Veterans Day Remembrance Ceremony draws a crowd at HarborWalk Village
More than 100 people gathered near the main stage at HarborWalk Village on Wednesday to pay tribute to our veterans.
The Veterans Day Remembrance Ceremony included everything from patriotic music representing each of the armed services to a vintage flyover air show.
Those in attendance were of all ages. Some waved flags, others wore patriotic colors and some had on military baseball caps. The ceremony opened with a playing of taps, an Eglin Air Force Base honor guard posting the colors and Reid Soria singing the national anthem.
Newly elected Okaloosa County District 5 Commissioner Mel Ponder offered a prayer and asked for a show of hands of those who have served in the military. About 30 or more raised their hands, men and women.
Ponder then gave a brief history of Veterans Day and finished by saying, "We honor and bless you for your service."
Greg Featherston of HarborWalk, the emcee for the afternoon, presented checks to various nonprofits from funds raised through the Emerald Coast Honor Games. Those receiving $4,000 each were Special Forces Association Chapter 7, the Air Commando Association, Healing Paws for Warriors, Okaloosa County Sheriff Start Charity and Special Ops Survivors.
Newly elected State Rep. Patt Maney, who retired from the Army as a brigadier general in 2007, was the guest speaker at the event.
"Veterans Day is a very different day that Memorial Day," Maney said. "Memorial Day is more somber because we remember those who have lost their lives in service to the country. Veterans Day, though, is a recognition and a thanks to those who have served the nation."
"Like most holidays, we don't have specific memories of holidays in the past," he said.
However, Maney recalled where he was on two particular Veterans Days. In 2004, he was serving in Afghanistan and in 2005, he was a patient in a military hospital.
"When I was a youth, it was always pretty somber in my family," he said, noting that they always flew the flag.
"As an adult it started getting more personal," he said, when his older brother was wounded in Vietnam.
When he became middle-aged, Maney said Veterans Day was more of a "serious time to reflect on what service members and family had done."
"Now being a wounded warrior and a little gray hair ... it is much more meaningful," he said.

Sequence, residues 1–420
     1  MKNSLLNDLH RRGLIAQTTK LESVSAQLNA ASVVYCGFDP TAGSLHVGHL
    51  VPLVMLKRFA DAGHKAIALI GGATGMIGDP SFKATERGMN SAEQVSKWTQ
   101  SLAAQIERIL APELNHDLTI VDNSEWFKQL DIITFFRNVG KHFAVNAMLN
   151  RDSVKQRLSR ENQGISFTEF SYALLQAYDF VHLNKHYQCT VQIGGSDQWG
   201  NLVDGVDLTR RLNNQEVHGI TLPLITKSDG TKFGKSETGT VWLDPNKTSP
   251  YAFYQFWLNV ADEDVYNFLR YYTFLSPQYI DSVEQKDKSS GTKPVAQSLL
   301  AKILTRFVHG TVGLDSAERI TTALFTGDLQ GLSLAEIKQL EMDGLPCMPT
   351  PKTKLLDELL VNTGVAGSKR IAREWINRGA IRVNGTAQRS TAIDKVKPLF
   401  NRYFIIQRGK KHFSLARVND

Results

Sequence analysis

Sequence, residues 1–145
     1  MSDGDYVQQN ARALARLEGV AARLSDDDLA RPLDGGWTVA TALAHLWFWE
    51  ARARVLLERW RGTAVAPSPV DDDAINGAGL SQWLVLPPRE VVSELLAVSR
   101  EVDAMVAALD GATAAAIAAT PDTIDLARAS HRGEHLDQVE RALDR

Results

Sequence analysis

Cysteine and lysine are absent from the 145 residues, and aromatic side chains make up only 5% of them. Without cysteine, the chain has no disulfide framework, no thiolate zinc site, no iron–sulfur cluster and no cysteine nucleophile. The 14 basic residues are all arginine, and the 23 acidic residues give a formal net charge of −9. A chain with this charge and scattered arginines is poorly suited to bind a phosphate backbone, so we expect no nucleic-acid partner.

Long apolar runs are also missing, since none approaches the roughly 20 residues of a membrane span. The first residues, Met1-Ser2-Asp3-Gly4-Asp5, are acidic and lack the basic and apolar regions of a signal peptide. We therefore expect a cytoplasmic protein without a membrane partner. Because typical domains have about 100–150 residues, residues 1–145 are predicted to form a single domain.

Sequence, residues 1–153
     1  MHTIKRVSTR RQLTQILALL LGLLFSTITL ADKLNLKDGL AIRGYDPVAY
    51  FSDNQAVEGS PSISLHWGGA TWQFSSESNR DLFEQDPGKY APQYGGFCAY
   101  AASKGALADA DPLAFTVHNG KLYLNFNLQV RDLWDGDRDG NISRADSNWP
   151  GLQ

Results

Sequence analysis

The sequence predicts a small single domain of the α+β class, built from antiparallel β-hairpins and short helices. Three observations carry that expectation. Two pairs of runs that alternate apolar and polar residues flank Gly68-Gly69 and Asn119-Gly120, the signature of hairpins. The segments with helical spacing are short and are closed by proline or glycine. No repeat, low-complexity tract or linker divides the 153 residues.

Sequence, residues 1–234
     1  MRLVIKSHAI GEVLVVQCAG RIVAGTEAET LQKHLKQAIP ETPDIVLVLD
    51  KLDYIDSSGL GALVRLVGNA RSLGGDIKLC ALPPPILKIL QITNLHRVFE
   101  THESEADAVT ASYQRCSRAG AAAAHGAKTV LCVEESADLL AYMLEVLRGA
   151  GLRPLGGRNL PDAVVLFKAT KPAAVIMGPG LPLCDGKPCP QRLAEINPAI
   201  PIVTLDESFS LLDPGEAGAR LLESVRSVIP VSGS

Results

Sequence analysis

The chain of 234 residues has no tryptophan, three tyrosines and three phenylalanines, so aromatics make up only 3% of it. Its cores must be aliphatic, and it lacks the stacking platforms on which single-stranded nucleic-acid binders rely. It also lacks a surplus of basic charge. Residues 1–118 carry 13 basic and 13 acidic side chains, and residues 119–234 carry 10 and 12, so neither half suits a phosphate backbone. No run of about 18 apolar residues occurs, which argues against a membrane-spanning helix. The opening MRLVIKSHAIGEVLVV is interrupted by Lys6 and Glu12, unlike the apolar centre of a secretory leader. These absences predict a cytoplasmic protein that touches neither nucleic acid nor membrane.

"I believe in liberty, and I believe the United States is the greatest country on Earth," Maney said, which drew a big round of applause from the crowd.
"We're fortunate to live in a place that honors our first responders and honors our veterans," he added.
Maney said in Okaloosa County there are about 33,400 veterans, of which 10,000 are disabled and 18,600 are scattered throughout the workforce in the communities.
"The veterans are unique. They have taken risks, made sacrifices. They've endured hardships and served courageously. But there is a unique reward for being a veteran: You are part of the community whose values are honor, courage, loyalty and self-sacrifice," Maney said.
"I've been very humbled to serve," he said, noting that he thinks it makes one a more rounded citizen.
He then told of how he recently visited Niceville High School, where a student asked him if this country is worth risking your life for? Maney said he gave the student a one-word answer: "Yes."
"That young man made me realize we need to encourage that military service in the defense of all of us is important," he said.
He added that when a student gets a football scholarship or an academic scholarship they are recognized in the news, but not when a student enlists.
"We ought to make those young people feel just as important," Maney said to another round of applause.
"Like many of you who are veterans, if I was asked to go again, I would go," Maney said.
"I want to thank you for your service. I salute you. God bless the United States," Maney said as the crowd stood and clapped.
The afternoon wrapped up with Reid Soria of Autism Sings singing a patriotic medley representing each of the branches of service. It was followed by a vintage military plane flyover.